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Why Hope Should Inform the Way You Plan, Live and Lead

It’s hard for me to imagine a life without hope. Not just a hope for today or even a hope for tomorrow, but a hope for eternity. Without hope, life seems pretty meaningless. With hope, we have a reason to act, not only in our own best interests but in the interests of everyone around us.

The world gets crazy from time to time, and it can be easy to wonder, if only in our private moments, what’s the point of trying to make it better. Why plan? Why serve? Why give? But in the madness, there’s so much wonderful evidence of people who have hope and act on it. They refuse to be defeated. They refuse to give up or give in. They evaluate the brokenness around them and do what they can, no matter how large or how small, to make it better. They do their part to invest in the hope of others because they are grateful for the hope they’ve experienced.

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You see this in simple acts of kindness – of people opening their homes to Ukrainian refugees, serving food at an inner-city homeless shelter, or writing checks to fund disaster relief. You see it in corporate acts, as well, when employees organize to serve together or when a business uses its resources to contribute to a community.

Why do people do such things? Because something within them tells them their positive actions can make a positive difference. They believe the lost and broken can be redeemed and renewed. They believe in possibilities because they have experienced the fruits of hope.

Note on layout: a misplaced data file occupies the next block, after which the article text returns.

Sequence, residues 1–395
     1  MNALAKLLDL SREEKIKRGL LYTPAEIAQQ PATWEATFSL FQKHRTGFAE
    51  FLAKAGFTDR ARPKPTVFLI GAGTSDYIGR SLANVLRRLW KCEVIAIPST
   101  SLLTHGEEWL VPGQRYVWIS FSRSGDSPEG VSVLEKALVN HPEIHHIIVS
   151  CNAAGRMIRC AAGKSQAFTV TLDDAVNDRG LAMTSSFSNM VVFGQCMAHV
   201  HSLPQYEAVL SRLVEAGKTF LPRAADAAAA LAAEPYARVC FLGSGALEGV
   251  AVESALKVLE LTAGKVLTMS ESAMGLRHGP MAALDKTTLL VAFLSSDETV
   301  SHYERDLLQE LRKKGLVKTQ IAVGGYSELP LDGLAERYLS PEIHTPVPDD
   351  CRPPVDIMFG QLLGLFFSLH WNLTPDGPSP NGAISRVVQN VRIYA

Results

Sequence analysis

In the classic prison movie “The Shawshank Redemption,” inmate “Red” Redding (Morgan Freeman) makes the case that hope is dangerous and can drive a person mad. Andy Dufresne (Tim Robbins) isn’t buying it. ‘‘Hope is a good thing, maybe the best of things,” he tells Red, “and no good thing ever dies.” In the end, he demonstrates the power of that hope.

Ted Lasso gif: "So I've been hearing this phrase y'all got over here that I ain't too crazy about."
More hopeful inspiration from a beloved TV show.
Ted Lasso gif: "It's the hope that kills you."
Ted Lasso gif: "I think it's the lack of hope that comes and gets you."

As Easter approaches each year, I am reminded of and celebrate the power of hope, because the hope of Easter is the cornerstone of my personal faith. And while you might not share that faith, my wish for you is that hope will inform the way you plan, live and lead. That it will provide you with a sense of empathy for others and inspire you to give selflessly to make the world better. It is, indeed, the best of things – but only if you put it to good use.

Comments

  1. Suzie Lopez

    Thanks for the inspiring words this week on hope. I refuse to be defeated. Have a great Pascua!

    Reply to Suzie Lopez

  2. Jack Kim

    Love that. Hope is almost counter-cultural today and it should not be. Like all movements, the movement to bring hope starts with one person at a time. Thanks Walt.

    Reply to Jack Kim

    1. Walt Rakowich

      It might be cooler to be cynical, but it’s not an easy way to live. Thanks for reading and commenting!

      Reply to Walt Rakowich

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